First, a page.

Supply isn’t keeping up with demand when it comes to the H1N1 vaccine. But an official with the Centers for Disease Control and Prevention says the situation is beginning to improve.
Dr. Anne Schuchat, the CDC’s chief health officer for H1N1 response, told KPCC’s Patt Morrison that vaccine production hasn’t gone as well as manufacturers had hoped.
“I think the fundamental challenge right now is that the production of the virus has been slower than expected because the virus is not growing well in eggs,” said Dr. Schuchat.
“It’s improving in terms of the yields we’re seeing. But right now, we’re at a situation where the supply is not up to the tremendous demand that we’re seeing.”
Dr. Schuchat said twice the number of H1N1 vaccine doses are available today as compared to two weeks ago.
A national poll by the Harvard School of Public Health suggests only about a third of adults who’ve tried to get the H1N1 vaccine have been able to find it.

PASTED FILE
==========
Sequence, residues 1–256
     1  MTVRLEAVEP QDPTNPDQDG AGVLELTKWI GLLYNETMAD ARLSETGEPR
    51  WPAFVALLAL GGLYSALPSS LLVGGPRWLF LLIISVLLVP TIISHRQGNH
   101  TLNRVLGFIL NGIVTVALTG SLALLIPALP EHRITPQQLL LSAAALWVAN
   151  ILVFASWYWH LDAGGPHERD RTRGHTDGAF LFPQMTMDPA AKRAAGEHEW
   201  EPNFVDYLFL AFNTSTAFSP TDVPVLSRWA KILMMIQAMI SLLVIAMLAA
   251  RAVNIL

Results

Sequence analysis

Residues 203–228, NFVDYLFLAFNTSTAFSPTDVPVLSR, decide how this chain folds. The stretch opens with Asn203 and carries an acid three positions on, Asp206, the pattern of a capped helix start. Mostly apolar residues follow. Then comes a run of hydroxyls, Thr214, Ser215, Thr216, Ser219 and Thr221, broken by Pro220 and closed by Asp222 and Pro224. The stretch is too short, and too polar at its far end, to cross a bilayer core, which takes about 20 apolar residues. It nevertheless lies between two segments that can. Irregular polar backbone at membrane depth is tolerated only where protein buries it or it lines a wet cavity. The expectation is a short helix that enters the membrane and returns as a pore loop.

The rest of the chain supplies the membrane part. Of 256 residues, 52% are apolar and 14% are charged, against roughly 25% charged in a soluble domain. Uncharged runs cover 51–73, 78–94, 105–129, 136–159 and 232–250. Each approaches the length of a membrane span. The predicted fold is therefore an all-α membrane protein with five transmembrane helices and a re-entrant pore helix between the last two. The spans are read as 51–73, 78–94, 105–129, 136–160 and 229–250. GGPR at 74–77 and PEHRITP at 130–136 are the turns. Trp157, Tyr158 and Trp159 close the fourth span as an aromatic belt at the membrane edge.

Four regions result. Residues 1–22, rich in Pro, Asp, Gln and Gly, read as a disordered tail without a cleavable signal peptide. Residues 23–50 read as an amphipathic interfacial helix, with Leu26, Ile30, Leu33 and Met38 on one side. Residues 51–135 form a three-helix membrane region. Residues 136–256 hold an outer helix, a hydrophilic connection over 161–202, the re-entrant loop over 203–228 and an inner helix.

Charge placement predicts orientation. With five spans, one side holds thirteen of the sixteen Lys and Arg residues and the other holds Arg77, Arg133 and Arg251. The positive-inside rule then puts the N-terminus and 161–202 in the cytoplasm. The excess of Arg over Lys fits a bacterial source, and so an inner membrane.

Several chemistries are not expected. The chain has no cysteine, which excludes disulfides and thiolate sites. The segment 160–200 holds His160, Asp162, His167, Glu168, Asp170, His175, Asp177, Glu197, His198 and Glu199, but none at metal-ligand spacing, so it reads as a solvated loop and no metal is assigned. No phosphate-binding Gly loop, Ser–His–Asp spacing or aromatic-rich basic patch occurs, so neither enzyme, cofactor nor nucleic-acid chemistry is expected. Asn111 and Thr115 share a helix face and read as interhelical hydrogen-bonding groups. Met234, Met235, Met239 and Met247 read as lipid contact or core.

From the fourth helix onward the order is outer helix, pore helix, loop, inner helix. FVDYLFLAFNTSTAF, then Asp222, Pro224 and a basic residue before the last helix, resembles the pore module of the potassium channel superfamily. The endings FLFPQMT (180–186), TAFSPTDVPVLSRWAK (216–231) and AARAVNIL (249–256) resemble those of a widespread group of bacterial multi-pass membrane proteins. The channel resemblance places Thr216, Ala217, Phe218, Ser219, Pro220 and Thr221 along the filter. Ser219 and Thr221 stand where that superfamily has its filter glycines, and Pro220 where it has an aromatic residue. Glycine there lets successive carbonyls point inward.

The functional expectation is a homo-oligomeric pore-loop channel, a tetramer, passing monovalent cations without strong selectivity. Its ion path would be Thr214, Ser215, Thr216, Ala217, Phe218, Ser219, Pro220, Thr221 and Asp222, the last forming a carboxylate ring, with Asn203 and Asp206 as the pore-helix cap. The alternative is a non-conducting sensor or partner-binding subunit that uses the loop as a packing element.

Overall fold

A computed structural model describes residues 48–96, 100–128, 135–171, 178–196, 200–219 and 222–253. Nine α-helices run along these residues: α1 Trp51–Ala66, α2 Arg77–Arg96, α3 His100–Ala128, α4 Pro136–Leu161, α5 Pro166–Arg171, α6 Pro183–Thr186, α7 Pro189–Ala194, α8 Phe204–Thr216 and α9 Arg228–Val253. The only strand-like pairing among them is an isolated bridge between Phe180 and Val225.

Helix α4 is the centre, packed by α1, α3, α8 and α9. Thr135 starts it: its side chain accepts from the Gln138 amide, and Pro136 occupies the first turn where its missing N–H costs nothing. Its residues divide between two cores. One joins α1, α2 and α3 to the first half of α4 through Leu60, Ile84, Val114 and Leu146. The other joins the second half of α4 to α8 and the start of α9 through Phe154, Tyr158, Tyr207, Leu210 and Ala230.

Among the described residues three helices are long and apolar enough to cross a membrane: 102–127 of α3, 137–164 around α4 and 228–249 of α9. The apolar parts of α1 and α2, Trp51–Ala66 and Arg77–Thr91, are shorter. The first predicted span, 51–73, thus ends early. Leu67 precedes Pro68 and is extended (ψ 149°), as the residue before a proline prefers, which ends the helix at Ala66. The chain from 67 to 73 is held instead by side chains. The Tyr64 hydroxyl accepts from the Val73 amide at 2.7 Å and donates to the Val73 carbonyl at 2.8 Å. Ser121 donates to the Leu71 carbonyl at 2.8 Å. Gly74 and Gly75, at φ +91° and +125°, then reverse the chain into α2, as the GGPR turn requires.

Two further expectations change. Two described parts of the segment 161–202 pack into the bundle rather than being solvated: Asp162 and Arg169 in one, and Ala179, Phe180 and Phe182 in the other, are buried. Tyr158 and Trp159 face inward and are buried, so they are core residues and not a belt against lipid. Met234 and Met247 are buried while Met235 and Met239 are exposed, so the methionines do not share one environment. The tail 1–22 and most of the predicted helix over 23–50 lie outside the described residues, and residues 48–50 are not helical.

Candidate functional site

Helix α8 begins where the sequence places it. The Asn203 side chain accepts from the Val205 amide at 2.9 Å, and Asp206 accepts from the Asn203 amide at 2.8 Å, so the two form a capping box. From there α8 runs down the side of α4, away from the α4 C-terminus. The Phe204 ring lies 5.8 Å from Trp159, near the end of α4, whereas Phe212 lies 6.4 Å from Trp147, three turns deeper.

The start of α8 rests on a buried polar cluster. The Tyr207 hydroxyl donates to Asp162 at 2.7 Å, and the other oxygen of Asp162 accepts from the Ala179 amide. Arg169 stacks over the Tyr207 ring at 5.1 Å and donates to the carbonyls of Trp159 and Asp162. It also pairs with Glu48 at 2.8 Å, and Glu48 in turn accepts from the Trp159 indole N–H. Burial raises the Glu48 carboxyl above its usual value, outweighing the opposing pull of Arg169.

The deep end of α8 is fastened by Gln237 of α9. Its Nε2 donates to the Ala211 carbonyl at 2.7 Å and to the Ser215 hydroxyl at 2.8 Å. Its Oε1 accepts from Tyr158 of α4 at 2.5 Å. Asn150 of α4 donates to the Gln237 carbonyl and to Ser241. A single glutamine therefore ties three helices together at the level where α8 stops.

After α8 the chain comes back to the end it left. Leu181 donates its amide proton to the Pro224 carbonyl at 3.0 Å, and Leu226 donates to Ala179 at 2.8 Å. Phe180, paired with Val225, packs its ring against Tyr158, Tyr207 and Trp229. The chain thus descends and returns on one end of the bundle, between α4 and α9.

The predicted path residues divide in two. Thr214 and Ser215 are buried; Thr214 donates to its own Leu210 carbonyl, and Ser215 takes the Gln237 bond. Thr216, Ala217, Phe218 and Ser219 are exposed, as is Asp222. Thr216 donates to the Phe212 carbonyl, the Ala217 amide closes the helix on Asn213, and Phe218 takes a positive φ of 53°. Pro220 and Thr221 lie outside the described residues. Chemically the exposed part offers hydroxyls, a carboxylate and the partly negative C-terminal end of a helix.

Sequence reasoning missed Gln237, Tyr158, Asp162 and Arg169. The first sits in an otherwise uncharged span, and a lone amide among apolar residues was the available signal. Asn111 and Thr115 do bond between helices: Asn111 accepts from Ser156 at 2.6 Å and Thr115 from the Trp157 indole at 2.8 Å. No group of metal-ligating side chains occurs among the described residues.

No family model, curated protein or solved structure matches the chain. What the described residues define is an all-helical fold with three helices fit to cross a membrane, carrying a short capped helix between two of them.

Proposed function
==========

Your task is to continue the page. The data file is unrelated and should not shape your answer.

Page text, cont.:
But some who could have the H1N1 vaccine say they don’t want it. University of Pennsylvania professor Art Caplan says refusing the vaccine is distressing – and dangerous. Caplan, who studies medical bioethics, says it might be time for a few “fireside chats.”
“Not just from the president, but the surgeon general and the CDC head,” said Caplan.
“There’s so much fear and misunderstanding out there that we really have to mount a much more sustained campaign to take it on. When so many people say ‘I don’t need this right now. I wouldn’t get this vaccine,’ you know that you haven’t done the job yet.”
That job doesn’t appear to be done in L.A. County.
Public health director Jonathan Fielding today told the Board of Supervisors that H1N1 vaccinations rates among African-Americans are lower than he expected. He said data suggests there’s a “lack of willingness” in the black community to get vaccinated.